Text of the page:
Posted by .(JavaScript must be enabled to view this email address)  on  09/28  at  08:51 AM


  • LETS:  Silent Blog Reader.  I replied in the post where you originally asked me.

    Posted by .(JavaScript must be enabled to view this email address)  on  09/28  at  10:03 AM


  • hey Erik - first of all, Noelle is right - your posts ARE always interesting! Secondly, I think you need a vacation!  If your eyes have been red for a month and the blog is stressing you out a bit, maybe you can find a little island or town to chill out in.  You can tell us about the local characters or just post pictures of your feet on a beach and when you’re ready, go conquer whatever you feel like.  It will still be interesting to read about, I promise!

    Posted by .(JavaScript must be enabled to view this email address)  on  09/28  at  06:41 PM


  • Erik:

    I would like to second Td0t’s HAI! in regards to going to Nepal.  HAI!  HAI!From the news that I have read on the subject from from bloggers that have recently been there, it sounds like a managable situation for a seasoned traveller like you.  Just excercise extra caution.

    Its a shame that there’s not a HAI! pronunciacion equivilent in the Spanish launguage, I would love to shout SI! in a normal conversation with the same loud entonation when speaking here in Costa Rica (where I currently live) without getting strange looks from bystanders who think that I have a hearing problem or that I have begun speaking Spanish at a higher VOLUME than the locals, much in the same way that Americans speak when conversing amongst themselves in English (It has been my experience that many non-english speakers percieve that folks from the US practically YELL when speaking to each other in English—I include myself in this group of LOUD TALKERS by the way…guilty as charged).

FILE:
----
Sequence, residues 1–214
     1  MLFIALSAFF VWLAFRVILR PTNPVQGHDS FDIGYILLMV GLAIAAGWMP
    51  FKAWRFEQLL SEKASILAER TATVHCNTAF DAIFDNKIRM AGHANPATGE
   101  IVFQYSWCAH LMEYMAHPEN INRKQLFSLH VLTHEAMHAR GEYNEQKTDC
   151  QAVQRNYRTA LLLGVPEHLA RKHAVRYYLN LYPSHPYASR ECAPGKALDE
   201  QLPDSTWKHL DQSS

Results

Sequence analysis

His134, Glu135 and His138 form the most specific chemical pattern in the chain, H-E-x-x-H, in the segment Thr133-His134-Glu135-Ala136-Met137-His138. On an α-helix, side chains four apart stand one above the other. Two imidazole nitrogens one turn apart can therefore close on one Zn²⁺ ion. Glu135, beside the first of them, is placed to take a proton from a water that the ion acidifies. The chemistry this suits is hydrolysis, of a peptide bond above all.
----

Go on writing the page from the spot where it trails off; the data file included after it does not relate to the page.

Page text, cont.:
Also, as one of the bonafied TGT blog addicts, I am one of many who love the daily posts to feed our wanderlust.  However, if updating the blog on a daily basis means that you are not getting enough sleep or neglecting a cool experience on the road, please don’t do it.  We can wait a couple of days to hear about your latest adventure.  Remember above all to enjoy this experience to the fullest with no regrets!

    Posted by .(JavaScript must be enabled to view this email address)  on  09/29  at  05:56 PM


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This blog post is one of over 500 travel dispatches from the trip blog, "The Global Trip 2004: Sixteen Months Around The World (Or Until Money Runs Out, Whichever Comes First)," originally hosted by BootsnAll.com. It chronicled a trip around the world from October 2003 to March 2005, which encompassed travel through thirty-seven countries in North America, South America, Africa, Europe, and Asia. It was this blog that "started it all," where Erik evolved and honed his style of travel blogging — it starts to come into focus around the time he arrives in Africa.

Praised and recommended by USA Today, RickSteves.com, and readers of BootsnAll and Lonely Planet's Thorn Tree, The Global Trip blog was selected by the editors of PC Magazine for the "Top 100 Sites You Didn't Know You Couldn't Live Without" (in the travel category) in 2005.


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THE GLOBAL TRIP GLOSSARY

Confused at some of the jargon that's developed with this blog and its readers over the years? Here's what they mean:

BFFN: acronym for "Best Friend For Now"; a friend made on the road, who will share travel experiences for the time being, only to part ways and lose touch with

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Stupid o'clock: any time of the early morning that you have to wake up to catch a train, bus, plane, or tour. Usually any time before 6 a.m. is automatically “stupid o’clock.”

The Trinidad Show: a nickname of The Global Trip blog, used particularly by travelers that have been written about, who are self-aware that they have become "characters" in a long-running story — like characters in the Jim Carrey movie, The Truman Show.

WHMMR: acronym for "Western Hemisphere Monday Morning Rush"; an unofficial deadline to get new content up by a Monday morning, in time for readers in the western hemisphere (i.e. the majority North American audience) heading back to their computers.

1981ers: people born after 1981. Originally, this was to designate groups of young backpackers fresh out of school, many of which were loud, boorish and/or annoying. However, time has passed and 1981ers have matured and have been quite pleasant to travel with. The term still refers to young annoying backpackers, regardless of year — I guess you could call them "1991ers" in 2013 — young, entitled millennials on the road these days, essentially.